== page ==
Somalis face peril today, but blaming climate change and attempting to make Somalis a political football does them a disservice. After all, while all Somalis may face drought, not all are at risk of starvation. The Somalis most in danger of food insecurity today are those who live in portions of Somalia run by Mogadishu. In Somaliland, the once-independent breakaway region, an embrace of democracy and government accountability has led to much greater capacity and an ability to mitigate the impact of the drought.

Corruption is the larger problem. Somaliland thrives on a budget an order of magnitude smaller than Mogadishu’s. While the international community donated billions of dollars to the Somali government, much of that money either disappeared or was diverted for personal political purposes by Mohamed Farmajo, president until May 2022.

There are other reasons for Somalia’s climate peril, such as the illegal charcoal trade and, of course, the fact that too many Somalis spend money on qat which otherwise might be invested more wisely. Journalists overstate the Ukrainian grain issue, given how little the Somali diet relies on wheat.

Certainly, it is moral to provide relief, but it is immoral not to recognize the moral hazard that aid creates in greasing corruption and starvation. Simply put, the willingness of the international community to throw money at Somalia and ignore its dysfunctional and corrupt government is far more responsible for its cycle of famine than climate change.

 


Michael RubinMichael Rubin

Senior Fellow

Research Areas

Arab politics, Iran, Iraq, Turkey, Horn of Africa



Bio & Experience

Michael Rubin is a senior fellow at the American Enterprise Institute, where he specializes in Iran, Turkey, and the broader Middle East.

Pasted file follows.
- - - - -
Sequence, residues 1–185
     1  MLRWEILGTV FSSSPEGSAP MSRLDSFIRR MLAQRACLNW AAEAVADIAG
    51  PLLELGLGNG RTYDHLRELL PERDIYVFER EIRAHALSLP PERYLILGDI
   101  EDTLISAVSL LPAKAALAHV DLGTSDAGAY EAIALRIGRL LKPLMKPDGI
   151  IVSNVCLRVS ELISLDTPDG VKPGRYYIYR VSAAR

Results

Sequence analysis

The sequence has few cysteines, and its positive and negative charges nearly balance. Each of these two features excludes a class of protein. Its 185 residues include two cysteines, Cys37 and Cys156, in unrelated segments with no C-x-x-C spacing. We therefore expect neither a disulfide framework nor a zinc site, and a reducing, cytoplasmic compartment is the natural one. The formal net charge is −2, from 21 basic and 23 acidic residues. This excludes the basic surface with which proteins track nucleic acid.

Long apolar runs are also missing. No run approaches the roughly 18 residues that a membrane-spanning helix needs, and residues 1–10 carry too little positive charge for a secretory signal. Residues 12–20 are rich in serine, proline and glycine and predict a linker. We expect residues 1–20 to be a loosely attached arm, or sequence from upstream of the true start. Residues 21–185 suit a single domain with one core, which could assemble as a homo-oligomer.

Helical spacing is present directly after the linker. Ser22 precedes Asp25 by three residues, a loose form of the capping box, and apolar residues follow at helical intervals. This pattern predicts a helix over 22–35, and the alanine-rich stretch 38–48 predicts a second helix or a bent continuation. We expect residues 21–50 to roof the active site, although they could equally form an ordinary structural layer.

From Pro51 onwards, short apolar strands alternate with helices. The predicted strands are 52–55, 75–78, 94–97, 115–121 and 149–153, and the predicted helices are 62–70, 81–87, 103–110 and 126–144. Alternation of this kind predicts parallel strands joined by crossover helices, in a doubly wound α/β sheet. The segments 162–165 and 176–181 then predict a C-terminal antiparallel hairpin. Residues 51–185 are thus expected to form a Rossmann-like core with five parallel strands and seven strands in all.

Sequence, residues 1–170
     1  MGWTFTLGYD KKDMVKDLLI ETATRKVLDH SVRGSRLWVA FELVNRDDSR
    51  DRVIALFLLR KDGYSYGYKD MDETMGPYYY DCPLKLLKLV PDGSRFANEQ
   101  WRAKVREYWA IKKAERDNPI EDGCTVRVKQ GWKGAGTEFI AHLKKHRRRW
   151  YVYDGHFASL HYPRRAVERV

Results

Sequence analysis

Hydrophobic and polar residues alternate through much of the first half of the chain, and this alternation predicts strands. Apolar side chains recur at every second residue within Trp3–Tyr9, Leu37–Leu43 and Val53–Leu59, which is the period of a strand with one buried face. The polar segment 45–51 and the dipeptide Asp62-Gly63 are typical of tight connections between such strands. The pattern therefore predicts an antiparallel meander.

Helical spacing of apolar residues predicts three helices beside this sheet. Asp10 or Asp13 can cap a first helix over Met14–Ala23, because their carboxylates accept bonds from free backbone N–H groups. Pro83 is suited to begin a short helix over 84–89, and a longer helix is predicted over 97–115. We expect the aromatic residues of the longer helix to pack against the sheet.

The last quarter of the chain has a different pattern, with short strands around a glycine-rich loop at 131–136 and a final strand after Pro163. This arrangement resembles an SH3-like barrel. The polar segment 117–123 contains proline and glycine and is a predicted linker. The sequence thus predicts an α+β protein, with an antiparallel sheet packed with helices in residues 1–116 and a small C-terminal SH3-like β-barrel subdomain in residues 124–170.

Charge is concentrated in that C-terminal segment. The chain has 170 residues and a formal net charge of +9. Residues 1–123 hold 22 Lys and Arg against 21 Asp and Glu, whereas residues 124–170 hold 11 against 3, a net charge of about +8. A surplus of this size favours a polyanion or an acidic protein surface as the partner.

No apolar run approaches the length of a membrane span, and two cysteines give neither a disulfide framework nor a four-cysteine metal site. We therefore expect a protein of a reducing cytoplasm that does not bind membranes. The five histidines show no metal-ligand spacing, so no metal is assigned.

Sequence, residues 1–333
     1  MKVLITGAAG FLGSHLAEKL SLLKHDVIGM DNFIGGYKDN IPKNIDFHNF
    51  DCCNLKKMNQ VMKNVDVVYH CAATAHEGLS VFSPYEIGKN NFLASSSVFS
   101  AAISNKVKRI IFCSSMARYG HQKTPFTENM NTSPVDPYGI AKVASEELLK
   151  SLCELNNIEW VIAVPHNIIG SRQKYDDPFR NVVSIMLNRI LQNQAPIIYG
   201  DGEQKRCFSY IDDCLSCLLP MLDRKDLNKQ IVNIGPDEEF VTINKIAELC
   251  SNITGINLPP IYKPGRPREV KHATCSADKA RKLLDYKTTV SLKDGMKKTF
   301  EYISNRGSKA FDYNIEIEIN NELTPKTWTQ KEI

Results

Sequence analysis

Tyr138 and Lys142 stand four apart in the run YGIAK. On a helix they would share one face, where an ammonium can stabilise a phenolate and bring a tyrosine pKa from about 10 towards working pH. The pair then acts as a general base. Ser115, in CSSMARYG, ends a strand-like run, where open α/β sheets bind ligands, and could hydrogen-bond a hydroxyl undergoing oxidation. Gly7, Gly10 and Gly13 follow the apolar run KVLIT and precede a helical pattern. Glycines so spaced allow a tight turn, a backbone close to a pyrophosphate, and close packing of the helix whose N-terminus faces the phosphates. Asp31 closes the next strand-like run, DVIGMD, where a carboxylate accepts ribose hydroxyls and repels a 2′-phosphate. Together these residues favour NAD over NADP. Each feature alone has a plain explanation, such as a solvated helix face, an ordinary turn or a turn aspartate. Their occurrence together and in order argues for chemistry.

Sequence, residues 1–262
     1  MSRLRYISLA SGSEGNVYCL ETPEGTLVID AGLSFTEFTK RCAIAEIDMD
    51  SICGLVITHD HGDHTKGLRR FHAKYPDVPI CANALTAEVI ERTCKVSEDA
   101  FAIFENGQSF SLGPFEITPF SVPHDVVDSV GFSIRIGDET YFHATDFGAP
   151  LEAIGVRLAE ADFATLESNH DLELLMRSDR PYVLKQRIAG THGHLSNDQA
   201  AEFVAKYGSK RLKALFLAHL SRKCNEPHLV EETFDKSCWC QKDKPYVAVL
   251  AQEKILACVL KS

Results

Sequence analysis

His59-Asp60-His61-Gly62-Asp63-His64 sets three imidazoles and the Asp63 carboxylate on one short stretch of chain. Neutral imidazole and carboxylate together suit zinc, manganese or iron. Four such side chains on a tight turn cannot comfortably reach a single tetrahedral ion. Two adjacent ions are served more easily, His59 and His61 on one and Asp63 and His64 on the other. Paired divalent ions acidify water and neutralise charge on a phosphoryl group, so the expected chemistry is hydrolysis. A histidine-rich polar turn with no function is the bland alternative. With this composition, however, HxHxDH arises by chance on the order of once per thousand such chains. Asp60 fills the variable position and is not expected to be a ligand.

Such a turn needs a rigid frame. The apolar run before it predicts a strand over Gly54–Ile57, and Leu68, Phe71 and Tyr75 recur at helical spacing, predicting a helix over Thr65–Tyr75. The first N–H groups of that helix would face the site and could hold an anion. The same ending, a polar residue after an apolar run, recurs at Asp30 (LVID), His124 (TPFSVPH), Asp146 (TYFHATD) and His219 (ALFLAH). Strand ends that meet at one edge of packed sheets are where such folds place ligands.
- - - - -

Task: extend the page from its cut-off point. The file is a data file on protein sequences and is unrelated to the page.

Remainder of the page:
A former Pentagon official, Dr. Rubin has lived in post-revolution Iran, Yemen, and both pre-and postwar Iraq. He also spent time with the Taliban before 9/11. For more than a decade, he taught classes at sea about the Horn of Africa and Middle East conflicts, culture, and terrorism, to deployed US Navy and Marine units.

Dr. Rubin is the author, coauthor, and coeditor of several books exploring diplomacy, Iranian history, Arab culture, Kurdish studies, and Shi’ite politics, including “Seven Pillars: What Really Causes Instability in the Middle East?” (AEI Press, 2019); “Kurdistan Rising” (AEI Press, 2016); “Dancing with the Devil: The Perils of Engaging Rogue Regimes” (Encounter Books, 2014); and “Eternal Iran: Continuity and Chaos” (Palgrave, 2005).

Dr. Rubin has a Ph.D. and an MA in history from Yale University, where he also obtained a BS in biology.

Experience

    • Foreign Military Studies Office: Contract Analyst, 2012–present
    • Naval Postgraduate School: Senior Lecturer, 2007–21
    • Middle East Quarterly: Editor, 2004–09
    • Coalition Provisional Authority (Baghdad): Political Adviser, 2003–04
    • Office of the Secretary of Defense: Staff Adviser, Iran and Iraq, 2002–04
    • Council on Foreign Relations: International Affairs Fellow, 2002–03
    • Hebrew University (Jerusalem): Fellow, The Leonard Davis Institute for International Relations, 2001–02
    • Carnegie Council on Ethics and International Affairs: Fellow, 2000–01
    • Universities of Sulaymani, Salahuddin, and Duhok (Iraqi Kurdistan): Visiting Lecturer, 2000–01
    • Yale University: Lecturer, Department of History, 1999–2000
    • Iranian Studies: Assistant Editor, 1994–97

Education

Ph.D. and MA in history; BS in biology, Yale University

Contact

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@mrubin1971